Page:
A More Nuanced Conversation about Technology and Learning?

Note: We have just postponed the DLI Event until March 19 due to inclement weather. But I'm eager to push the conversation along, so I'm posting this now anyway.

I’m thinking that more Trinity parents heard Monday’s Diane Rehm Show than would normally be the case, since we had a holiday.  I was driving back from the State Swim Meet and turned it on.

Dame Susan Greenfield (a neuroscientist) was going on about how digital technologies are leaving their (mostly unwelcome) marks on our brains.  This week Trinity is bringing an Apple educator to promote our Digital Learning Initiative, and it occurred to me that these two events might be a sort of Point-Counterpoint: Trinity saying let’s enhance the digital experience of our young ones, Greenfield warning us to watch out.  

I have several thoughts about this, and the first is that this way of thinking about things is much too simple.  Dame Greenfield is not waving us off of technology, and Trinity is not unconcerned about the “unprecedented effects” of the digital world on young minds and souls.  A more nuanced conversation is what is needed, and that is what I hope we are having at Trinity. I know that the Apple educator who is coming is having those kind of conversations wherever she goes.

We have been reading things like Greenfield for years now.  I think it was three years ago that we held a faculty reading group that worked our way through Nicholas Carr’s The Shallows.  Carr’s book might be described as a fascinating exploration of the sometimes deleterious effects of digital experience on the brain by someone who knows he could not have learned what he wanted to say without the internet but could not have written without getting away from it.  Like I said, nuance is the key.  Anyway, my point is that Trinity went into this DLI with its eyes wide open to the challenges of raising attentive, courteous, empathetic, risk-taking, gritty kids in a digital age.  

I was a more than a little frustrated by some of the Greenfield interview.  A teacher called in and asked how digital technologies might be best incorporated into the classroom, and Greenfield said something like “technology can never be a substitute for an inspiring teacher.”  This we knew already, and it would have been helpful if Greenfield had suggested some particular ways an inspiring teacher might use technology to instruct.  Another low point for me was when a camp director called in and said that they had recently reversed their policy about cell phones: They used to ban them, but now they were experimenting with teaching kids to use them in moderation.  Greenfield used this moment to get on another soap box, and I thought she (and Rehms) missed a wonderful opportunity.  I wish they had asked the director to share just how they managed that moderation, what it looked like, and how they thought it was working.  Moderation is almost always more complicated (I won’t say harder) than abstinence, and we need to learn from each other.  I’m pretty sure that the answer to how we teach our children to use technology at Trinity School is more about moderation than about abstinence.  

But there was one golden moment for me in the interview, and I wish every Trinity family could hear that part (towards the end of the show).  Greenfield was making the point that we are not doomed to run like lemmings off of some digital cliff, that we can impact culture and its impact on us.  She suggested three very simple ways that people (especially families) could counteract some of the more negative effects of digital immersion.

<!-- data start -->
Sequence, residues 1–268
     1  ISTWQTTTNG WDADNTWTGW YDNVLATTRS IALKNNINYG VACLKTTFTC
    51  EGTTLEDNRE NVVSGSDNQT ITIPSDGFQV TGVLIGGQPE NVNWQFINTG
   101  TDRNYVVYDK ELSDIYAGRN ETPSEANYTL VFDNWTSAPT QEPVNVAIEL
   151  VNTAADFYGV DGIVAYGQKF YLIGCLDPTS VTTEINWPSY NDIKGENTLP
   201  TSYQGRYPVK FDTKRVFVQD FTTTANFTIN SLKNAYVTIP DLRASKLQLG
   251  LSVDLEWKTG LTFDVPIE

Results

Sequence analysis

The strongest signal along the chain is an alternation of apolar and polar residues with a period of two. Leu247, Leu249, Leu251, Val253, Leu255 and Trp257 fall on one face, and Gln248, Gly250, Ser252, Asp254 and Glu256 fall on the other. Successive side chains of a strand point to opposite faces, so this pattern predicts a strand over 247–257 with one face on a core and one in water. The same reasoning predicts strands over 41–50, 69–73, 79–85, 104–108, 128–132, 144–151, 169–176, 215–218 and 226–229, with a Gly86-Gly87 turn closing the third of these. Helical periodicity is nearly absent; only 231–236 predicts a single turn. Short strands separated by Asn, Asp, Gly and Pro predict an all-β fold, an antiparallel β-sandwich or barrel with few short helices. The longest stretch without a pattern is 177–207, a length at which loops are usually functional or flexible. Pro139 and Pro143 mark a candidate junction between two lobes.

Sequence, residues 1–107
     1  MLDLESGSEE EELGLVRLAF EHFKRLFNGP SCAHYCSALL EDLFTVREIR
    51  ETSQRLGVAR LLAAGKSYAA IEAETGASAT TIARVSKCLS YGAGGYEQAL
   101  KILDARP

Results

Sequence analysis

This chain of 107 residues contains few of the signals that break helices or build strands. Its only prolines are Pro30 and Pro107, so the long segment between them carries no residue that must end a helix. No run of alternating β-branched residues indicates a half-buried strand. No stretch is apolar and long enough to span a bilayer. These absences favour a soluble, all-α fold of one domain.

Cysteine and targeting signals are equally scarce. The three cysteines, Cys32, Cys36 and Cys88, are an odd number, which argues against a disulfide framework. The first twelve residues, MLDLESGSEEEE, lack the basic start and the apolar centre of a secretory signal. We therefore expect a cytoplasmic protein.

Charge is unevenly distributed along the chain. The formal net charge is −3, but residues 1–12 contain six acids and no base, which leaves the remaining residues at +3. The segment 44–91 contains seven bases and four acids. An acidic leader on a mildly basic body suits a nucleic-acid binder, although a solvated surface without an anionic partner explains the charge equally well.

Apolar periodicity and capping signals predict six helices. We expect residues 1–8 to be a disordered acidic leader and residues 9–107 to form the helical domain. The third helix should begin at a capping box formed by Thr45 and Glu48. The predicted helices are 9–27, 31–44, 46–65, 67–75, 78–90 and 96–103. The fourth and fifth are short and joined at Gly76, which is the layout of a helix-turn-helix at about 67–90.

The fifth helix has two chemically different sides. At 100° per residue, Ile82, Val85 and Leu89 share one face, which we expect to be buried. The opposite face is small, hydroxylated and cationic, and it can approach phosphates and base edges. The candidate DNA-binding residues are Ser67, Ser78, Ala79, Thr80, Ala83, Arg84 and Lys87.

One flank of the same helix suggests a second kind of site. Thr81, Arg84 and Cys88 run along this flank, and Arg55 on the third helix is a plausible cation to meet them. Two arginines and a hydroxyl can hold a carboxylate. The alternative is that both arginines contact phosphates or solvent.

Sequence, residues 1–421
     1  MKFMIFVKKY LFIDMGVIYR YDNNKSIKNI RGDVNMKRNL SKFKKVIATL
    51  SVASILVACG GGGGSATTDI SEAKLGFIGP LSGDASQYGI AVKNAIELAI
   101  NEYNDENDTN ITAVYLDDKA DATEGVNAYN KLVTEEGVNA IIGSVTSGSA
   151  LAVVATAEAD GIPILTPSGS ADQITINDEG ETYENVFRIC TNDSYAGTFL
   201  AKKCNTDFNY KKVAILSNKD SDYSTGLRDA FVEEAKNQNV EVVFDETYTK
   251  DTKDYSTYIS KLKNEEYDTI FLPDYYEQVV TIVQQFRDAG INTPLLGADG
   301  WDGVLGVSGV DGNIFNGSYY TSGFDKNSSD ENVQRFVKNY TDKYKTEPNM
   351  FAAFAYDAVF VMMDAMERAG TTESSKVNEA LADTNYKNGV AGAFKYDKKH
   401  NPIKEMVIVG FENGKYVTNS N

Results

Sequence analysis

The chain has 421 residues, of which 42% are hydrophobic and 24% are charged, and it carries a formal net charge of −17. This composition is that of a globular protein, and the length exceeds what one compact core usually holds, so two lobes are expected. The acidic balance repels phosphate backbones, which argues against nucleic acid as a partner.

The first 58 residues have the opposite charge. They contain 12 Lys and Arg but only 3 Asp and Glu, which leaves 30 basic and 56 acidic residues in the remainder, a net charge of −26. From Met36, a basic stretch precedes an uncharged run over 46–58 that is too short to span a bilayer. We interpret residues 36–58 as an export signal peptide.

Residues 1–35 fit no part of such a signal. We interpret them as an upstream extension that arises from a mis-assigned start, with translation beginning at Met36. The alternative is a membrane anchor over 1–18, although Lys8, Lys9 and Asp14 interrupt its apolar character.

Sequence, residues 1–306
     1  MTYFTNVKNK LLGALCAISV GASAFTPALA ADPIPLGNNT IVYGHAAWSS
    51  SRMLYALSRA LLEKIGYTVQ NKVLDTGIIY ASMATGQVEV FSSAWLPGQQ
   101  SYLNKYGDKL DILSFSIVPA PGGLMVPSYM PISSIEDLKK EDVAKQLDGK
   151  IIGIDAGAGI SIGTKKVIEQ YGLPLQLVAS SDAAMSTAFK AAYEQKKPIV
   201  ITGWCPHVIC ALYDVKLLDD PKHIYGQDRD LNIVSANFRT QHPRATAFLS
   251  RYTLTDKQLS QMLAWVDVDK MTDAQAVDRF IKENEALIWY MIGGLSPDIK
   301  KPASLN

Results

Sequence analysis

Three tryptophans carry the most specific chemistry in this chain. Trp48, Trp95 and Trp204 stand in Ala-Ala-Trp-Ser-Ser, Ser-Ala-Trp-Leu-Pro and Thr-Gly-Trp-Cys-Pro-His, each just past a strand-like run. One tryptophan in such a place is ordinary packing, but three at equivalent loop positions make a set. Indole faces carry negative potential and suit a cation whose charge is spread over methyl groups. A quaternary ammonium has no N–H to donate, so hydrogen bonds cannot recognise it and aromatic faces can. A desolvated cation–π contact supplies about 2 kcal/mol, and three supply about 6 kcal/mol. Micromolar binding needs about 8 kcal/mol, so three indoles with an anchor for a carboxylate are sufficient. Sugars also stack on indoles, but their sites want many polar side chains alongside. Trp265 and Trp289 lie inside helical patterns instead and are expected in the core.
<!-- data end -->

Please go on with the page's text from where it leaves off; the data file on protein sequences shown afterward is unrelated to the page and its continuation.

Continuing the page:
Read.  Read to and with our children.  I think she (and I) have visions of a couch and a book with real pages to turn.  I think too of our Lower School teachers reading to our students as they eat their lunches.

Eat Together.  Family dinners (tech free) are a discipline and a joy we can all cultivate. Likewise, Division Directors and teachers at Trinity can shape the way we eat together at school, to promote wise and moderate use of technology.

Exercise.  Physical exercise, whether in organized sports or just time to play.  If you think of it, the time that our children spend on the court or the field is perhaps the most unconnected, low-tech time in their day.

These simple suggestions seem profoundly true, relevant, and helpful. As Trinity moves into a more robust employment of technology for teaching and learning, let us all--teachers and parents especially--tie them as symbols on our hands and bind them on our foreheads.

Thus may we be a Once and Future School.


Dean Freck said…
Hi Chip,
I come across some interesting articles about entrepreneurship and venture capital in my work. I am forwarding this link to you to check out this article in Tech Crunch Magazine (http://techcrunch.com/2015/02/18/2-billion-blackboard-jungle/?utm_medium=email&utm_source=cb_daily). It is a quick read and has some good links to other school districts that are pursuing a digital initiative. Since it deals mainly with public school initiatives some of the concerns debated probably do not apply to Trinity. However, the concern that putting technology in the hands of all students (i.e. all kids grades 6-12) may not actually level the playing field but widen the levels of skills can apply to any school. I know Trinity is working to manage this, and I would propose (if there is not a plan already) that we consider how we will measure student success and the equality of skill development (if possible) as the Trinity Digital Initiative begins. Best regards,
Chip Denton said…
Dean, thanks for this lead. I've shared it with the members of our Education Committee, and we are going to spend some time at an upcoming meeting talking about how we assess our DLI. You're right that many of the public school metrics (school attendance, e.g) are not as helpful to us, but there are good ideas here. Thanks. Chip

Popular Posts